Buford's troopers soon yielded Herr Ridge to Heth's overwhelming infantry and took a new defensive position east of Willoughby Run - Gamble's brigade formed along McPherson's Ridge from the Fairfield Road to the artillery positioned at the railroad cut, and Devin formed his regiments from the cut toward Oak Hill. At this point, the 2.5-to-1 ratio of Confederates to Unionists was on the brink of going to 5-to-1 because 64 pieces of artillery and 7,000 men in Major Gen'l Pender's division were arriving behind Heth's line. Eight thousand more Rebels, under Major Gen'l Rodes, were well along on their way from Biglerville to Gettysburg, threatening Buford's right. In the nick of time, however, Brigadier General James S Wadsworth's I Corps division was able to relieve the cavalrymen and Buford's two brigades lost only three percent of their number that morning. Infantry of Solomon Meredith's "Iron Brigade" held the US line south of the railroad cut while Lysander Cutler's regiments deployed north of it. The first fire from US infantry undoubtedly came from Wadsworth's troops, but the 56th Pennsylvania of Cutler's brigade and 2nd Wisconsin of Meredith's would long argue over who had initially dosed the Rebs with lead. The result of General Buford's delaying action was that the climactic battle of Southern invasion was fought at Gettysburg.

As it receded into America's past, the battle of Gettysburg steadily gained significance and meaning. The ground where it took place was made a national shrine. Many a survivor of "the battle which decided the course of American history" would come to see his participation as a permanent basis of social identity. Three men who surely felt that way arrived in Gettysburg twenty years later with a five-foot shaft of limestone they had lugged over 600 miles from Naperville, Illinois.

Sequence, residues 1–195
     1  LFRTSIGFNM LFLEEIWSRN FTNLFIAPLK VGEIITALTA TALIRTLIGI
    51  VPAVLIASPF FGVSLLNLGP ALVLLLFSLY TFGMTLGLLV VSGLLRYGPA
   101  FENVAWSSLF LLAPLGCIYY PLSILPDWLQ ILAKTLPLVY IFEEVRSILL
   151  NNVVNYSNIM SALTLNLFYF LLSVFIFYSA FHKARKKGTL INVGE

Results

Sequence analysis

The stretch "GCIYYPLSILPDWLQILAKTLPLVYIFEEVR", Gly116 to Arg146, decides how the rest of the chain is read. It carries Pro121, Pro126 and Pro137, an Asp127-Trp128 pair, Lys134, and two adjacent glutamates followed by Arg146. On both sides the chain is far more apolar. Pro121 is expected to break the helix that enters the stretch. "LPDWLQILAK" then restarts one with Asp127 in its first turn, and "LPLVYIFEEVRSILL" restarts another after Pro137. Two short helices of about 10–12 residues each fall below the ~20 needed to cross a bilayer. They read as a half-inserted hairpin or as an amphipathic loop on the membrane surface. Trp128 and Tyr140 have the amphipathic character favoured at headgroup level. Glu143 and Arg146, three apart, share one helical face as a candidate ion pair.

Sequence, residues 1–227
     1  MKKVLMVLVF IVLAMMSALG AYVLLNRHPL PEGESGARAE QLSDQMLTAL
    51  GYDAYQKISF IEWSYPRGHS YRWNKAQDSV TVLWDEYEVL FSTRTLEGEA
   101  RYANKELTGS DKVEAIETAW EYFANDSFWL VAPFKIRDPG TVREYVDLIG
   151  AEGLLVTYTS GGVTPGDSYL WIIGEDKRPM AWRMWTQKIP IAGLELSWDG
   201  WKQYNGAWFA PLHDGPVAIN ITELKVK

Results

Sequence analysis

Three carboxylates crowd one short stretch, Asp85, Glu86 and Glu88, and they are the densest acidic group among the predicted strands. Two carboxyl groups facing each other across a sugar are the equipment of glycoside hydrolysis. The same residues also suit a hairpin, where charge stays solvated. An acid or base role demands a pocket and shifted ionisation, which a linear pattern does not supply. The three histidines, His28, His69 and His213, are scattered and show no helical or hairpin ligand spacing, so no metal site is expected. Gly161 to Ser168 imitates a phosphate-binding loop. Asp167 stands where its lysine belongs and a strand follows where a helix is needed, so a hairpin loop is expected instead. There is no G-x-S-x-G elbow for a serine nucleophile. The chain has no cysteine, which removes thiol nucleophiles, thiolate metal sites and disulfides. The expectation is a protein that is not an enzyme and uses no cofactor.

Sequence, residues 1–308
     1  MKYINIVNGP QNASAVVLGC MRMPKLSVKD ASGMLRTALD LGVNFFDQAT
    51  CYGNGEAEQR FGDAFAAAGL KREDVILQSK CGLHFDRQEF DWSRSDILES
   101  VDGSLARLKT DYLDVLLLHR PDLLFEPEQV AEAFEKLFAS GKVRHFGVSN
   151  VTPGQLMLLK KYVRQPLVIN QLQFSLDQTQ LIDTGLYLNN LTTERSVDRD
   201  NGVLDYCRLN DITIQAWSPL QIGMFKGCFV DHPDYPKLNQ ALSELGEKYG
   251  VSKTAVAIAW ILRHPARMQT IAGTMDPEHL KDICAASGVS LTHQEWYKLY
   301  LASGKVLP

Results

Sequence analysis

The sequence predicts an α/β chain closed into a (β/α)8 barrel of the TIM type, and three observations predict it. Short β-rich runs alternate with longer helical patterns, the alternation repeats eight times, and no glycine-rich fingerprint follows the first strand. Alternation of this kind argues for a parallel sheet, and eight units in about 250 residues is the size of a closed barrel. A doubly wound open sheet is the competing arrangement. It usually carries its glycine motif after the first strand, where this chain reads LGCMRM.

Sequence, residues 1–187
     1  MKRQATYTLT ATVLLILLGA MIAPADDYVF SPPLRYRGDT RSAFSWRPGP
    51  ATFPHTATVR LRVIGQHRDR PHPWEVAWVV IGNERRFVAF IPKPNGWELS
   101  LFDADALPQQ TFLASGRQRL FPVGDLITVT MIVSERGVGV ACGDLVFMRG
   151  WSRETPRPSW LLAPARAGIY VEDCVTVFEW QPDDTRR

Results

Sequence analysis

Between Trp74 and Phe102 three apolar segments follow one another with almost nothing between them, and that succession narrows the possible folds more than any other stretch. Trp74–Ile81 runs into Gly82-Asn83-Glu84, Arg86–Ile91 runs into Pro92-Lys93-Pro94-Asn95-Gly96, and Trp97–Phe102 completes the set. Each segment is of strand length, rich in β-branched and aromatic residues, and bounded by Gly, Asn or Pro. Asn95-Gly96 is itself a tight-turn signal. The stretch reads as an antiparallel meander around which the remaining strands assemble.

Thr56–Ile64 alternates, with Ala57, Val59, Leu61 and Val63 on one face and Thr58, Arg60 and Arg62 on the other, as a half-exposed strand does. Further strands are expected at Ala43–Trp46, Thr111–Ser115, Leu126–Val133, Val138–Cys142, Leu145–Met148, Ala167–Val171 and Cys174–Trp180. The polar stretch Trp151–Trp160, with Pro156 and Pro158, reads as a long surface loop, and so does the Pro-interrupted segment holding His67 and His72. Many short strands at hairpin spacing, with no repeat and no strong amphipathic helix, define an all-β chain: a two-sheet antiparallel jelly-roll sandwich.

In 1883, when he returned to Gettysburg with Alex Riddler & Levi Shafer, Marcellus Ephraim Jones was 53 and sheriff of Du Page County; twenty years earlier, he had squeezed off a shot at Colonel BD Fry's men as they crossed Marsh Creek on their way to the momentous battle. The three veterans had a marker made and purchased a patch of ground "just over the fence from the Chambersburg pike, in a private dooryard, on the summit of the ridge . . . east of Marsh Creek." They erected their monument, burying nearly half its length in the ground for a firm foundation, "to tell the true story of the opening of the great and decisive battle of the war, on the morning of July 1, 1863."